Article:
Due to its origins in the humid tropics of Southeast Asia, Southern India, and Australia, this indoor plant prefers environments similar to those found there. To keep this plant adequately hydrated and content, add humidity to its leaves and surrounding area by spritzing it with a spray bottle, setting up a humidifier, or filling a pebble tray with water and placing it beneath the plant.
Petra Croton Temperature Requirements
Crotons prefer temperatures between 60 degrees F and 80 degrees F because they enjoy warmer climates that are comparable to their native environment. In the winter, keep this houseplant away from drafts or cold air, such as areas near your air conditioners or drafty windows. Dry or chilly air may slow development for Petras or even harm your plant in extreme cases. Never allow your Petra croton to be exposed to temperatures under 50 degrees F. This is not a cold hardy plant!
Petra Croton Fertilizer Requirements
For the best development and plant health in the spring and summer, fertilize your Petra’s soil with an organic fertilizer once a month. During the plant’s resting season in the fall and winter, stop fertilizing altogether. Although feeding your plants can seem overwhelming at first, it is a simple process once you get going. A liquid plant fertilizer will make the process much more simple with no need to disturb your Petra’s soil.
What are the Benefits of Keeping a Petra Croton?
To start, this plant is excellent at purifying air. According to a well-known NASA study, the croton plant effectively eliminates VOCs. The EPA claims that the toxins in our indoor air are far greater than those in the air we breathe outside. A Petra croton may not only bring moisture and freshness to the air inside your home or office, but it also looks quite sharp while doing so.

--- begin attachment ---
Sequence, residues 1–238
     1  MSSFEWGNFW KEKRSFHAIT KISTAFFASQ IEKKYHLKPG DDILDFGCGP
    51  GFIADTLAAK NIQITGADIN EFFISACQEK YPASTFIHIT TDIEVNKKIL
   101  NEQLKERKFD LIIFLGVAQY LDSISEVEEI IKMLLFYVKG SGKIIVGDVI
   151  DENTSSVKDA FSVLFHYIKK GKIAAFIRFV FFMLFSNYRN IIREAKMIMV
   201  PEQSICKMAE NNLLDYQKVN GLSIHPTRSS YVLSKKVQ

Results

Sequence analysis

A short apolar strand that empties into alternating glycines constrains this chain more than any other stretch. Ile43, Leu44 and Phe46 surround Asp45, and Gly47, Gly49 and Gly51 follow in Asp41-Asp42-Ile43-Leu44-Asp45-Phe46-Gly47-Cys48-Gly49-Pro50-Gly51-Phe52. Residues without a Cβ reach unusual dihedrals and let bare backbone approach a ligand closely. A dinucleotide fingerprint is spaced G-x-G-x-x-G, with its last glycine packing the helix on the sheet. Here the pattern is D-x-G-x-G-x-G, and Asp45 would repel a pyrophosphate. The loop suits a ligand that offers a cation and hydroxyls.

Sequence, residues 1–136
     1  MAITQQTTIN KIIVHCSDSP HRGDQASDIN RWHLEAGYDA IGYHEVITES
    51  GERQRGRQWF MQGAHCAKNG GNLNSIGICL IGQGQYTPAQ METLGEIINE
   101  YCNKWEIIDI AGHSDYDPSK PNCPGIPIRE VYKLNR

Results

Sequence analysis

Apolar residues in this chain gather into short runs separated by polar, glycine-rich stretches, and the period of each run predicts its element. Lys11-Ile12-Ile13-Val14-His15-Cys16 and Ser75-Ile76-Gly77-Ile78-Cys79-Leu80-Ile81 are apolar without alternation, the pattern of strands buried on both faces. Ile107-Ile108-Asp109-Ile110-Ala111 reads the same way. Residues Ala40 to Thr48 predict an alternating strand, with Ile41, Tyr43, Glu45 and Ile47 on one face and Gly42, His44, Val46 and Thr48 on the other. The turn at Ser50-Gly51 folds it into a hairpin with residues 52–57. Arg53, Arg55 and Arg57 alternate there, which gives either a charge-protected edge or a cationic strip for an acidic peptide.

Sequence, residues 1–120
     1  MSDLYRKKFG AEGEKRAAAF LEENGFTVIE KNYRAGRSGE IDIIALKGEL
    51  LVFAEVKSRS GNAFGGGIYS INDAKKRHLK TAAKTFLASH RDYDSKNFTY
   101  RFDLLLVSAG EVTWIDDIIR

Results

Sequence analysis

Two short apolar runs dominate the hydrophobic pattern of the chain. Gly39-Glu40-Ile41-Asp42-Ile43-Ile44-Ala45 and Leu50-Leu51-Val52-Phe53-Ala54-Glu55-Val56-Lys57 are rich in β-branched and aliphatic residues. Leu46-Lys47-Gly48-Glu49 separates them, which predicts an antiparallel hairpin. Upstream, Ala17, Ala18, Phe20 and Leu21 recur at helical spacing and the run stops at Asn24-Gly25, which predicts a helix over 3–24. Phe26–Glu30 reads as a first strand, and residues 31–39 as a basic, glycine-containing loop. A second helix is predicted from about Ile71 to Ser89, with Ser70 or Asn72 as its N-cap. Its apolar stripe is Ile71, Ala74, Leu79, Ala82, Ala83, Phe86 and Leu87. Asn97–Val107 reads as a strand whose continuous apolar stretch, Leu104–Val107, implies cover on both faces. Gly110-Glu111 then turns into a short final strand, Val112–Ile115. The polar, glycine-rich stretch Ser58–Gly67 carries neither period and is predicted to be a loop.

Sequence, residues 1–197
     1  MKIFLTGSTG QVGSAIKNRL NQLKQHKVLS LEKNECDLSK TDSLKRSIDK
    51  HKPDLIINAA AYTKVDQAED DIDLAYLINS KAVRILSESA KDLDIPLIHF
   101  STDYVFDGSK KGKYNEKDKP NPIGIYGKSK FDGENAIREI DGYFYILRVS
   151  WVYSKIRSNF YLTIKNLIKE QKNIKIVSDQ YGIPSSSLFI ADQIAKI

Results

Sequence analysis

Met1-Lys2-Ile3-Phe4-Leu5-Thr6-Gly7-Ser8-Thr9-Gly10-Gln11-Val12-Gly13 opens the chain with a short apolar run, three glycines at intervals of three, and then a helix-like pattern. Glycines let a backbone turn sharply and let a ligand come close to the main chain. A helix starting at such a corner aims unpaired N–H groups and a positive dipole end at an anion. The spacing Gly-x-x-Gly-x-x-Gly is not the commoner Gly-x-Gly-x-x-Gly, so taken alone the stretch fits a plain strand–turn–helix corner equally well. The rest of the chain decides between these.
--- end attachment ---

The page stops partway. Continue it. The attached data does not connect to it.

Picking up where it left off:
Outside of its air purification properties, the Petra croton is great for increasing humidity in dry, indoor spaces. As this plant requires misting and extra humidity to thrive, giving it the water it needs will result in higher humidity in your home.
That all being said, the main benefit of keeping a Petra croton is simply that it is a pretty plant that can pull a room together. Who needs more than that, really?
Should I Repot My Petra Croton?
When the roots begin to show through the drainage holes, repot your Petra. Repot your plant in a container that is two inches wider than the previous pot sometime around early spring, if possible. However, if your Petra croton is in serious need of repotting, the season does not matter. To avoid any soggy roots, use potting soil that has good drainage. Your Petra croton may object by losing part of its leaves after being repotted. This plant’s shock response may be common given how sensitive it is to environmental changes. With some tender loving care, it should thrive with fresh green growth within a few weeks.
Common Growth Problems with Petra Crotons
The fungal diseases anthracnose and canker, as well as the bacterial infections crown gall and leaf spot, can all affect Petra croton plants. Pruning off all affected portions of the plant is necessary to control these diseases, all of which show swelling on the plant’s stems, leaf veins, and roots.
Lesions on the leaves that are dark brown and black can be used to identify leaf spot. A bactericide with copper can be used as a standard treatment, but if the plant is severely affected, then you might have to cut your losses and grow a new Petra. If your plant has anthracnose, you’ll see water spots that turn tan and occasionally have black specks in the middle. If a copper-based fungicide isn’t successful in treating the problem, all affected plants must be removed as they will spread to other plants quite quickly.